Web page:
Let’s talk about GPT-3, the 3rd step in autocomplete; the massive language model that’s here to let the sunshine down on our brainstorms.
The proverbial Magic 8 ball, or as HuggingFace calls it “…what calculators are to calculus.”
But don’t get your hopes up just yet, as Sam Altman humbly reminds us there are still a lot of kinks to work out. GPT-3’s training data references all information stored as text, including the good, the bad and the ugly; it’s all there, fueling the beast.
Or as Julian Togelius coyly states, “GPT-3 often performs like a clever student who hasn't done their reading trying to bullshit their way through an exam. Some well-known facts, some half-truths, and some straight lies, strung together in what first looks like a smooth narrative.”
So what can it do and how does it work?
While appearing to create magic, GPT-3 is simply a trained language model that generates text. A pattern recognition machine that pulls from weighted connections between the different nodes in its neural network, all uninfluenced directly by the human brain. Instead it pulls from 175 Billion trained parameters, mined for statistical regularities.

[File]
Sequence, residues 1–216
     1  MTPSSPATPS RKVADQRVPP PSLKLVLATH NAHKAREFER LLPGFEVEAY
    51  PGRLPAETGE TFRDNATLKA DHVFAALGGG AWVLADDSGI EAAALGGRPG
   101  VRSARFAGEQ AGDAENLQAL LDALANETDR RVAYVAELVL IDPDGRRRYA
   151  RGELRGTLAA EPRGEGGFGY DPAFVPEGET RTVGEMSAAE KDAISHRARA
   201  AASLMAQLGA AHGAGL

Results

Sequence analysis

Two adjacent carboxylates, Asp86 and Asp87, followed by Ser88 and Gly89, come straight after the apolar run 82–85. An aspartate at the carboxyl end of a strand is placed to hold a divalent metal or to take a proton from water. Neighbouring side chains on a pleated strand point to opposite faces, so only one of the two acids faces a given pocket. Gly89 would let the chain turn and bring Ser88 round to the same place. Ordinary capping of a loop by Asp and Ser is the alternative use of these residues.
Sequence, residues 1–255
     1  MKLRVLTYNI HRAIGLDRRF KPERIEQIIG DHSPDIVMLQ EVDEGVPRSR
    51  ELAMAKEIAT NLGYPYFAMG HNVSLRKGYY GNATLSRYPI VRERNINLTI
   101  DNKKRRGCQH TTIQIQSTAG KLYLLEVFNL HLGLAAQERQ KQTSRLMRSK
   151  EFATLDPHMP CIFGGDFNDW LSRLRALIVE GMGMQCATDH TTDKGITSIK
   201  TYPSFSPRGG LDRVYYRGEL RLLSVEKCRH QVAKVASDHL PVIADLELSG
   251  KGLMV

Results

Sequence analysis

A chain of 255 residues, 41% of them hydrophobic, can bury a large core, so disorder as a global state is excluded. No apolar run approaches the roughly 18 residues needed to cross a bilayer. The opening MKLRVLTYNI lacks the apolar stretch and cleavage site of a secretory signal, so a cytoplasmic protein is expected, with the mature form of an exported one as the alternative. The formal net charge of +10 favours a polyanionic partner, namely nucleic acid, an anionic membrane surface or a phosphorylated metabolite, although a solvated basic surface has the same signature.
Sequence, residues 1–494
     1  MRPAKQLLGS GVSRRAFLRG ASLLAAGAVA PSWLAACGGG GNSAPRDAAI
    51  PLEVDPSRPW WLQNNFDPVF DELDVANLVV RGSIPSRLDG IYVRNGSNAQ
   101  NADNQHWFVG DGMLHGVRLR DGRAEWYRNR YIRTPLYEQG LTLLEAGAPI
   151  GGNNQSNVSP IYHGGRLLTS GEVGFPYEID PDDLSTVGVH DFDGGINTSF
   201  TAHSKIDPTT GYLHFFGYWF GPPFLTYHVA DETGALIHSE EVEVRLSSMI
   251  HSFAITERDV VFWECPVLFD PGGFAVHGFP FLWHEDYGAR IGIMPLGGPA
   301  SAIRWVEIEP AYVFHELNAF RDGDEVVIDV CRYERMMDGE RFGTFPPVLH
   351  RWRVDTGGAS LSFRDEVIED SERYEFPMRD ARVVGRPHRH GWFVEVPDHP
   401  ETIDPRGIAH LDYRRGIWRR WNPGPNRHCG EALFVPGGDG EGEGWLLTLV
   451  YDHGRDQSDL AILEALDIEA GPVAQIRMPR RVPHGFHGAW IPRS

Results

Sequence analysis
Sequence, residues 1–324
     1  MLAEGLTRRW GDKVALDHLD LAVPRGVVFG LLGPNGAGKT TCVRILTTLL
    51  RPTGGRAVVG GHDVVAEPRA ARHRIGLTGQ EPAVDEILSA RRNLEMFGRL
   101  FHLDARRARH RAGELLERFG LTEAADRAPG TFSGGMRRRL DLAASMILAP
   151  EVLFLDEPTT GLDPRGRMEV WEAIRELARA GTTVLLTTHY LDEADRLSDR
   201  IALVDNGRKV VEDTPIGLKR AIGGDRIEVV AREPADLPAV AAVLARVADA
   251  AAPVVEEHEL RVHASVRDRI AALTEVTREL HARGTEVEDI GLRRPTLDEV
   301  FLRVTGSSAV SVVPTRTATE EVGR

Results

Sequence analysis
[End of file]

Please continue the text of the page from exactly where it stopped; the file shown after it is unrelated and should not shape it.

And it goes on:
The big question is, can we scale this model up or do we need to build something entirely new to push AGI? Are we missing key components like cause and effect to create artificial minds; or are problems in AI mostly solved by throwing more data and processing power at them?
While GPT-3 is not here to finish your novel, or create a full blown experience, it can do some pretty amazingly clever things. Kaj Sotala compiled a very amusing thread highlighting people’s experiences with GPT-3.